Air quality contractors in San Mateo County address a large variety of home air quality problems, but these problems fall into three basic categories: comfort, health, and energy efficiency. If your existing air quality system does not serve all of these areas to your satisfaction, you need not suffer through sub-par home air quality, and in the case of a toxic home environment, it may be downright dangerous to neglect the problem. Your first task, then, is to rate your system’s effectiveness in these three areas, and identify which you wish to improve.
Indoor Air Comfort
The most common service that air quality contractors provide is improving the comfort of a home environment. Few things affect the enjoyment of one’s living environment as dramatically as an improvement in temperature, humidity, and purity. It’s hard to put a price tag on the comfort and well being provided by such air quality upgrades. If your current heating or air conditioning system does not deliver maximum comfort, you need not resign yourself to a subpar home environment. There are several basic and cost effective steps you can take.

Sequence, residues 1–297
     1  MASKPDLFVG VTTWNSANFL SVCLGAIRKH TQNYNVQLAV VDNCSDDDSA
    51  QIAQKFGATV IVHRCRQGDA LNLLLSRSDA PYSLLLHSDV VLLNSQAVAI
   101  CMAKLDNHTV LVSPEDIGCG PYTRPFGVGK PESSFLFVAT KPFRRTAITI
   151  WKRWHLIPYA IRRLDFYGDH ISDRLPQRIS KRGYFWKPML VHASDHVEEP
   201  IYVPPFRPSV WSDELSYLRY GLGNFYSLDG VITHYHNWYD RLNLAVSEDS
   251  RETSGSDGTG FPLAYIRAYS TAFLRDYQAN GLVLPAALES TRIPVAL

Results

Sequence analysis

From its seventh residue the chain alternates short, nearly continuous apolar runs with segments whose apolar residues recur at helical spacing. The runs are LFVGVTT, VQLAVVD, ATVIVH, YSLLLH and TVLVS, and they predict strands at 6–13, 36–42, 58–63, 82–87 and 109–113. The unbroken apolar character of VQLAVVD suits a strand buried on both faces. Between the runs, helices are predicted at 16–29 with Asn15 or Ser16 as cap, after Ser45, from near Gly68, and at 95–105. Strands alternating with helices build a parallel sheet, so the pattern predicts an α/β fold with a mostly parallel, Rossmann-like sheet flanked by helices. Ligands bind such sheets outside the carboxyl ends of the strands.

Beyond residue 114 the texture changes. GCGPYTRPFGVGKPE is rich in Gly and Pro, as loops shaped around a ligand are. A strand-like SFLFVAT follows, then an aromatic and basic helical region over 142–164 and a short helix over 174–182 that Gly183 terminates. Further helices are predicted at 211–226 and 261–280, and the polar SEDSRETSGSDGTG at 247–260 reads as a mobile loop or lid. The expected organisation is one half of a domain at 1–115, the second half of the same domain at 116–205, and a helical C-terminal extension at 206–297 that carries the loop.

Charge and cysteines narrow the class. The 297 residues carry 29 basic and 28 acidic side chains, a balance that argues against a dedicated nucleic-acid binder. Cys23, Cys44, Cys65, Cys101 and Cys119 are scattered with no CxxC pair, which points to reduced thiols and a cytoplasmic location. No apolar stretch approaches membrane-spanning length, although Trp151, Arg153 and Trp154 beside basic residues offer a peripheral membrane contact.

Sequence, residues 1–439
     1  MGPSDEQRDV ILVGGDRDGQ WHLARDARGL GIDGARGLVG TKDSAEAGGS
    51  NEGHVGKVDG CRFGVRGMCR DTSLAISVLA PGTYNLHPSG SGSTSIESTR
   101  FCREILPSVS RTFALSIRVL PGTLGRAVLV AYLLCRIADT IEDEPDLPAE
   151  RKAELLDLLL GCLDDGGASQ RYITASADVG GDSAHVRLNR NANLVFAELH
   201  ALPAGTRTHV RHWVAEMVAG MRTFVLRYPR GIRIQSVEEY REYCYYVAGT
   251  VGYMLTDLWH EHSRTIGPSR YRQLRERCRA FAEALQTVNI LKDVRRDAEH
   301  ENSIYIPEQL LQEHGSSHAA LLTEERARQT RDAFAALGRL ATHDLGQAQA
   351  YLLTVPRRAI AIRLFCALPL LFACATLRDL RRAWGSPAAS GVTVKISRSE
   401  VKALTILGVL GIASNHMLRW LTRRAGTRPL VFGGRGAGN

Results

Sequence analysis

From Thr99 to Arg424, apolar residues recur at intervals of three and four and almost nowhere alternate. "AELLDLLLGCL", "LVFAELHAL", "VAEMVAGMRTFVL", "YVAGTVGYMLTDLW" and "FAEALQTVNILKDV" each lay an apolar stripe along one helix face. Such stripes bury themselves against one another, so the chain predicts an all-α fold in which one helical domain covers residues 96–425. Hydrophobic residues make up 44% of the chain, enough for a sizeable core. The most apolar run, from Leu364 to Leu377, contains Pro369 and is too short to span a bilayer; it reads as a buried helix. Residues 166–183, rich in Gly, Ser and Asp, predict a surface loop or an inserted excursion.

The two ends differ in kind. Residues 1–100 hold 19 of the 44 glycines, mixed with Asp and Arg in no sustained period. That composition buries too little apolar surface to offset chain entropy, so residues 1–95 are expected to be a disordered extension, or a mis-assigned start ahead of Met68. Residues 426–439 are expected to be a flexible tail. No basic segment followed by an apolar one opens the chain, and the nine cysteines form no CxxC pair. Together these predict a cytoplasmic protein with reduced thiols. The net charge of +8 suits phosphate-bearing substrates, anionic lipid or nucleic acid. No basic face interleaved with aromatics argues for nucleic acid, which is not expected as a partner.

Improving Temperature Distribution
Industry studies routinely show that half of all homes contain rooms that are too hot or cold relative to the rest of the house, and basements are often 15 degrees cooler than the upstairs. Seasonal humidity or dryness also greatly affects the comfort of one’s home. Fortunately, these problems can all be identified and remedied with energy efficient, lasting solutions that eliminate variations in temperature, even in the rooms are far from the climate control unit.